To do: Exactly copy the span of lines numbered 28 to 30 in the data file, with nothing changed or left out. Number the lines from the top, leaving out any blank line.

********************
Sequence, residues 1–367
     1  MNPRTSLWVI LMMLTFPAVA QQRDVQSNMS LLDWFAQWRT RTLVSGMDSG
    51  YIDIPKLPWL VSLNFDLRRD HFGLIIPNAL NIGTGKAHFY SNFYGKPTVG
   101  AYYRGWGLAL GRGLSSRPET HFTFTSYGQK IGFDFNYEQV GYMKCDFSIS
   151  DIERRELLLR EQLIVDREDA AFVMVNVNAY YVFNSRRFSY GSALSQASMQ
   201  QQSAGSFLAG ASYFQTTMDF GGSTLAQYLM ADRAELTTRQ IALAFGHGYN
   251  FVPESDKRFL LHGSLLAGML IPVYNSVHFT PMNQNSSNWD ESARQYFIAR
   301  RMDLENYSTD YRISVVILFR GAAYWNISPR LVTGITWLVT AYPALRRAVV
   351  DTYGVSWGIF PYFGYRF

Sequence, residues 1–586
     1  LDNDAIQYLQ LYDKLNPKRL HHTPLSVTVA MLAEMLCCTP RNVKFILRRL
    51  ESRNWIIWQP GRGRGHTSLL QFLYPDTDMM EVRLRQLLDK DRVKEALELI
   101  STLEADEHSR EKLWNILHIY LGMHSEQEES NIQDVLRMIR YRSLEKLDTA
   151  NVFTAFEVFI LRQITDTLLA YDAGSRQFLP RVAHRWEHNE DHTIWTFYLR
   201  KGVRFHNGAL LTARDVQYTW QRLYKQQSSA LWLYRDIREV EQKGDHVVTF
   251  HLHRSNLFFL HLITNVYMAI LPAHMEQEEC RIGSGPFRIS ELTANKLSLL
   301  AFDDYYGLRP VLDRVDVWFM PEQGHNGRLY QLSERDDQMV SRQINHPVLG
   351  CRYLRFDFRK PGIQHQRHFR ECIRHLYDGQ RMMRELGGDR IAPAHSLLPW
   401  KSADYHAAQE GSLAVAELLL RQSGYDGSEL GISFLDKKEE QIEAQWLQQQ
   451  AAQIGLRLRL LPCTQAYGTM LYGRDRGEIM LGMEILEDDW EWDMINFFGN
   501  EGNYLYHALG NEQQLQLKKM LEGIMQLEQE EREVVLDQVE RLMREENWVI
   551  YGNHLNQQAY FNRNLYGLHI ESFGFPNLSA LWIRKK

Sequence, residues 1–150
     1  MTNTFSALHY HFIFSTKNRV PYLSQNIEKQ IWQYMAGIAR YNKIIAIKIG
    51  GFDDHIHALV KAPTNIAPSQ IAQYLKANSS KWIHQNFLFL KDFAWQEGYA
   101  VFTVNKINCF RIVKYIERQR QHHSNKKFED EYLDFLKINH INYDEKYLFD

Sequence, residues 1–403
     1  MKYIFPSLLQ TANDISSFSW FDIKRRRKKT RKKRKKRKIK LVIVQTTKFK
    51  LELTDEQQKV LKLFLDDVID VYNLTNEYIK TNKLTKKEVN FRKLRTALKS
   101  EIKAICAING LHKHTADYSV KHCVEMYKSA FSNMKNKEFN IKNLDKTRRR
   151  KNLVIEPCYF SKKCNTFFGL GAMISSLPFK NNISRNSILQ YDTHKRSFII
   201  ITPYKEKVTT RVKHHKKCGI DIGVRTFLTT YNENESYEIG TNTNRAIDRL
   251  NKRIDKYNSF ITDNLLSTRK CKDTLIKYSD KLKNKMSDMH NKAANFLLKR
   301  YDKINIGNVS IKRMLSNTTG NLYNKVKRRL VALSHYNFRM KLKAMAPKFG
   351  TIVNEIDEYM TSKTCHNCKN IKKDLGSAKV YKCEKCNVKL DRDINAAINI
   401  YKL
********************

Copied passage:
     1  MKYIFPSLLQ TANDISSFSW FDIKRRRKKT RKKRKKRKIK LVIVQTTKFK
    51  LELTDEQQKV LKLFLDDVID VYNLTNEYIK TNKLTKKEVN FRKLRTALKS
   101  EIKAICAING LHKHTADYSV KHCVEMYKSA FSNMKNKEFN IKNLDKTRRR